It seems counterintuitive that the people we would normally call disempowered are the ones with the power to change things, but I think it’s true. People who have lived experience with discrimination have the power to show others a better way of treating each other, and in this sense are privileged. It is our role to help the ignorant overcome their fear of other people and show them some compassion for their fellow man and woman, and it by listening to their concerns and then talking.

There have been articles posted recently saying old white men need to shut up. This kind of nonsense does more harm than good. It assumes based on age and skin colour that they have all experienced privilege and power in their lives. Blaming all men for being overpowering or sexually abusive as some ‘feminists’ (not actual feminists) do assumes men have never been in similar positions. Whether we call ourselves liberal or conservative, left-wing or right-wing, we make some awful generalisations about others that risk making enemies of those who might have supported our cause, but because we insulted and made generalisations about them, now no longer will. I say this because the tactics of some animal rights and ‘feminist’ activists have had this effect on me, making me resent them rather than wanting to listen to what they have to say. Attacking me for eating meat or simply being a man assumes that I am not a good person or that I don’t care about those issues, and their cause loses my support because they pissed me off.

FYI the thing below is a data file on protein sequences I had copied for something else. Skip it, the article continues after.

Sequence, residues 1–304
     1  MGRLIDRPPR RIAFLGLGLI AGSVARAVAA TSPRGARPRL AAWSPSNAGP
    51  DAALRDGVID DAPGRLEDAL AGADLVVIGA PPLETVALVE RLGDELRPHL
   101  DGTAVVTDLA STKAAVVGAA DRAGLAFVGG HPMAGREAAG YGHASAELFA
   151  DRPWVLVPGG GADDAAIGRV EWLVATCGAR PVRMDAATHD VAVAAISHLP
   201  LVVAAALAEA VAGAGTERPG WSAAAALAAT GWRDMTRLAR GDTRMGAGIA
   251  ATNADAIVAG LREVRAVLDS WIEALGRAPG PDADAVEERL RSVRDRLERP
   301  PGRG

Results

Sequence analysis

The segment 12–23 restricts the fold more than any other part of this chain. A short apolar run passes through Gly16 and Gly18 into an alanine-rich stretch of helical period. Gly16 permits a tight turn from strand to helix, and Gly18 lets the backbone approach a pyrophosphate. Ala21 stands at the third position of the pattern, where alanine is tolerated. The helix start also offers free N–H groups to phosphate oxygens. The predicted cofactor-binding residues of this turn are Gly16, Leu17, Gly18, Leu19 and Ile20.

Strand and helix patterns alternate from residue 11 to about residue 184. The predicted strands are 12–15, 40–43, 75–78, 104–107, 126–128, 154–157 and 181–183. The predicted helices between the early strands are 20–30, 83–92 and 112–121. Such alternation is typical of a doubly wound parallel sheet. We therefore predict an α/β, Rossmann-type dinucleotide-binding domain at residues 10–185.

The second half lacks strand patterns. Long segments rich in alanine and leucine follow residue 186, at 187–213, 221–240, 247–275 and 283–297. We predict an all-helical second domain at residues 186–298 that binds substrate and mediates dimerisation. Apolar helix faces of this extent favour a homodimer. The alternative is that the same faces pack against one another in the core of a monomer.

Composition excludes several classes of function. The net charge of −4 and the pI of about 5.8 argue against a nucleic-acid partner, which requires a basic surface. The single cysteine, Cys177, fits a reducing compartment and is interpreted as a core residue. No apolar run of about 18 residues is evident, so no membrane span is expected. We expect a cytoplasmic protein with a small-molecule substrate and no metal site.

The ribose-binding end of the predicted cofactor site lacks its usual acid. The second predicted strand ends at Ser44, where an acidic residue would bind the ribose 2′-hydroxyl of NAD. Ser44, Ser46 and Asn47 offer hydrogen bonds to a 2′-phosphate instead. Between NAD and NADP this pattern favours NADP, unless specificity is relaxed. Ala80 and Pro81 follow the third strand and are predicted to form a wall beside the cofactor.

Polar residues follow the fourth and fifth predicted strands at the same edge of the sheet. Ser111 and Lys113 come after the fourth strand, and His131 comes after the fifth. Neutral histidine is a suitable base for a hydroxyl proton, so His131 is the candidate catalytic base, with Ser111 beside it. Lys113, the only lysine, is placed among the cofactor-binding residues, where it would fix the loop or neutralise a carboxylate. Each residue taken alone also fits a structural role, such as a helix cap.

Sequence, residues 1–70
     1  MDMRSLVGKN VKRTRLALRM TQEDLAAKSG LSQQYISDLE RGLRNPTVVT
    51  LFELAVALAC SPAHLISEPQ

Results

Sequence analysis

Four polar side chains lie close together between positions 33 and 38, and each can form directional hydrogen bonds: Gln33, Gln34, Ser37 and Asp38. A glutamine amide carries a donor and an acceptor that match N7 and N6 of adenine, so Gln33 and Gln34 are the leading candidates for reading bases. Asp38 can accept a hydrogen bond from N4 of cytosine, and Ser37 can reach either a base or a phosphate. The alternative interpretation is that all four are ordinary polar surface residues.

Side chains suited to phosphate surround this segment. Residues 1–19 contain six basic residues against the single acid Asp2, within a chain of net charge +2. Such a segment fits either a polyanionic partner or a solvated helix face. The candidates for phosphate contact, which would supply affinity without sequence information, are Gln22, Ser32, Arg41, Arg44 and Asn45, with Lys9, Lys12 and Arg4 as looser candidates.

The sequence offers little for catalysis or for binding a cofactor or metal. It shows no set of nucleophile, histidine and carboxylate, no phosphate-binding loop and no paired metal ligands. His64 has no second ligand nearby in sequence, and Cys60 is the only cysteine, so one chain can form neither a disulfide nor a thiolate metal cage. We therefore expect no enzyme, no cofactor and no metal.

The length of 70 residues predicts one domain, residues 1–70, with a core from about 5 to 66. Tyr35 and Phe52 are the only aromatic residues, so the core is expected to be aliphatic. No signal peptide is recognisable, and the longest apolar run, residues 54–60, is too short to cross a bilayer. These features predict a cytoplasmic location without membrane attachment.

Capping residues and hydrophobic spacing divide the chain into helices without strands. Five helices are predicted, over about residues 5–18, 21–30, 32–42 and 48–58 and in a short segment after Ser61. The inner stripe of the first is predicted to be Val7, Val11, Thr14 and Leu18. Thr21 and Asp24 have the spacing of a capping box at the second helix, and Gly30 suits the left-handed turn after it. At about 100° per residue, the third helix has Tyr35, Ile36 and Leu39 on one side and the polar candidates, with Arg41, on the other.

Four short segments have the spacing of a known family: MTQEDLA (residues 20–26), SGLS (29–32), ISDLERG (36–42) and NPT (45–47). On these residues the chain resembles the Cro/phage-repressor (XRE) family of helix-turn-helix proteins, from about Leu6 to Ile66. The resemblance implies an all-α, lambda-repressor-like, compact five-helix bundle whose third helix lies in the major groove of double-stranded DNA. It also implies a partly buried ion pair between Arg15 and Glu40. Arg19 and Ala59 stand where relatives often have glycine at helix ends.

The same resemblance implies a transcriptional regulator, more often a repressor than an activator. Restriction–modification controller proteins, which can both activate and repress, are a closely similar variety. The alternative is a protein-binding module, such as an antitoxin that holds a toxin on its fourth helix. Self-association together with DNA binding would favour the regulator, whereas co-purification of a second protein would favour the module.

Consider some of the stereotypes we make about old, white and wealthy mean. The general assumption is that they must be conservative, don’t care too much about the environment and probably are a little bit racist. No one would say that about David Attenborough, but they would about Trump. They belong to the same demographic yet represent vastly different ideas and values. Some say white men have held all the power for too long, yet many old white men throughout history have also lived in poverty and without power. On the other hand, some of those old white men who hold positions of power and influence have progressive ideas and are trying to make the world a better place for everyone. Within any demographic there is a spectrum of beliefs and experiences, and while it is true that certain demographics as whole have worse experiences than others, generalising a group of people dismisses both the struggles and contributions of individuals.